Ningxia Winemaker's Contest to shine spotlight on rising Chinese region
Will China ever move from being mainly a producer of high volume and low quality wines to a producer of wines to rival the best of the rest of the world?
The country has a wide variety of climates and soils, and optimists have always said it will produce good wine when those elements are married with the right grapes and know-how.
Winemakers in the Ningxia Hui autonomous region believe they are already producing quality wines and this September's Ningxia Winemaker's Contest is an attempt to shine an international spotlight on their efforts. But it will also help them improve further by bringing foreign expertise to the area.
The region mostly grows the classic red varieties cabernet sauvignon and merlot; and chardonnay and welschriesling for whites, although some grapes for wine production are brought in from outside the region.
"Part of the motivation behind the project is both to raise the profile of Ningxia as a quality producer and to facilitate knowledge exchange, both professional and cultural. It is kind of cool how some of the winemakers who have come out for this and other projects have later seen Ningxia delegations visit them in their home country," says Jim Boyce, a Beijing-based wine consultant and writer who is the contest's spokesman.
Jancis Robinson visited the province and is impressed by its potential. Michel Bettane, Thierry Desseauve and Jeremy Oliver have also given positive reviews of Ningxia wines. Judges at the 2011 Decanter awarded an international trophy to Ningxia winery He Lan Qing Xue - the Red Middle East, Far East & Asia over £10 Trophy for a 2009 Bordeaux blend called Jia Bei Lan.
Ningxia has 25,000 hectares under vines and is home to more than 50 wineries, between the Helan mountain range and the Yellow River. That geography offers both shelter from the wind and good irrigation.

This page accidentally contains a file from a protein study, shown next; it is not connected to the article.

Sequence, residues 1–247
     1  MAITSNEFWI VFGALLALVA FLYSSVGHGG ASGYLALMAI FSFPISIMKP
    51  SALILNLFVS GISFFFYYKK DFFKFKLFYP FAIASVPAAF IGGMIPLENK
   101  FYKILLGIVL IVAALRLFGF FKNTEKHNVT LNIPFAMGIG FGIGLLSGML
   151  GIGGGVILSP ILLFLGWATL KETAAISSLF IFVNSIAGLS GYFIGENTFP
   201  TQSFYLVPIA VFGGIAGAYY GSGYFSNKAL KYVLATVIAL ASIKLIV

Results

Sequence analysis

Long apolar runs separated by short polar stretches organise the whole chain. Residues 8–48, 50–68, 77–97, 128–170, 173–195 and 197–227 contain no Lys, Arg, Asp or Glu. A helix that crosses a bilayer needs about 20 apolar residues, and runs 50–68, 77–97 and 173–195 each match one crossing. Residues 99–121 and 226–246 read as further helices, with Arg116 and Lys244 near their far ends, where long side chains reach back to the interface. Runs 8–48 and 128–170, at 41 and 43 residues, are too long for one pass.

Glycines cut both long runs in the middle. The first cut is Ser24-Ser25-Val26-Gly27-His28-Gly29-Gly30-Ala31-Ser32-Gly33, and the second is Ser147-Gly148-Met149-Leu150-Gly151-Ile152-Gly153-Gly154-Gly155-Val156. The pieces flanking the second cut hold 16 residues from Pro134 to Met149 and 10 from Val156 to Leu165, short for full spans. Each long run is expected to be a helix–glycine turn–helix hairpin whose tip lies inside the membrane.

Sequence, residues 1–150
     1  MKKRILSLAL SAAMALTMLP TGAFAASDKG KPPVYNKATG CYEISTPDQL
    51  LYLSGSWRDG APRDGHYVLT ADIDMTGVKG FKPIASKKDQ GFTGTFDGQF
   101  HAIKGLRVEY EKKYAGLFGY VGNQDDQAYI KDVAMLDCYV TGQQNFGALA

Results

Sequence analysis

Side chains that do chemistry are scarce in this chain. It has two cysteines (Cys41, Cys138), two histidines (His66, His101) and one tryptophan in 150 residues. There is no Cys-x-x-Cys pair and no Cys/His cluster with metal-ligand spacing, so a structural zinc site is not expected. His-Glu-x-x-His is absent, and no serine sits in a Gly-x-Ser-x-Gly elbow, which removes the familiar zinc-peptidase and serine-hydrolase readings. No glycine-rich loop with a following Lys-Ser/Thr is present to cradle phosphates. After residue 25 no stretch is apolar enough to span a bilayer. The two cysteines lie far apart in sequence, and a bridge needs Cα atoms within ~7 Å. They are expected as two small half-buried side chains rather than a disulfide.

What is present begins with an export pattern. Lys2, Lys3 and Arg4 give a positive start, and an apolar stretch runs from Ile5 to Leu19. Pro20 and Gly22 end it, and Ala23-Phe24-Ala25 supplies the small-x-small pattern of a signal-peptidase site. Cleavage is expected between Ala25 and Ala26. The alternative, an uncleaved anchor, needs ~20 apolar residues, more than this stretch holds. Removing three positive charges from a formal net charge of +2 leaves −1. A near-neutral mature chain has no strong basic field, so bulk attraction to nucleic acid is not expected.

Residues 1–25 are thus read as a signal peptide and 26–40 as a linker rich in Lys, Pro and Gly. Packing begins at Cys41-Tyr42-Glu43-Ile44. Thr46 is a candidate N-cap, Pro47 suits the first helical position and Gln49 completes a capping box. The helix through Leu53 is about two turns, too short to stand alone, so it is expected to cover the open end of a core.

The competition is part of an ambitious plan to boost the area's profile. Building on a history of hosting wine conferences and expos, the region also hopes to become a centre for wine tourism.
This year's challenge is the second co-organised by Ningxia's Grape Industry Development Bureau and the International Federation of Vine and Wine of Helan Mountain's East Foothill.
The first was launched in 2012 and was judged in 2014, with Australian winemaker David Tyney winning. That contest saw winemakers from Australia, Chile, France, New Zealand, South Africa, Spain and the US compete for 190,000 yuan (HK$240,000).
Robinson said at the time: "Both in the awards and at several wineries it was clear that Ningxia's raw material [assuming that is what we were tasting] is impressively consistent."
The second contest is upping the ante with a prize pot of 840,000 yuan. There are places for 60 competitors, 50 of which have already been taken by winemakers from 20 countries. The top 10 per cent of the wines in the contest - six wines - each get 100,000 yuan and a gold medal, while the next 20 per cent - 12 wines - each get 20,000 yuan and silver.
"The winemakers will each have three acres [1.21 hectares] of vineyard to source fruit and will make several thousand bottles of wine. It will be in barrel so staff at the wineries will be able to hand general management and the winemakers can come back several times, fully funded, to check the wine," says Boyce.
The winemakers will live in the region for several weeks, selecting grapes, overseeing fermentation and hopefully learning more about the region, with the organisers funding living expenses.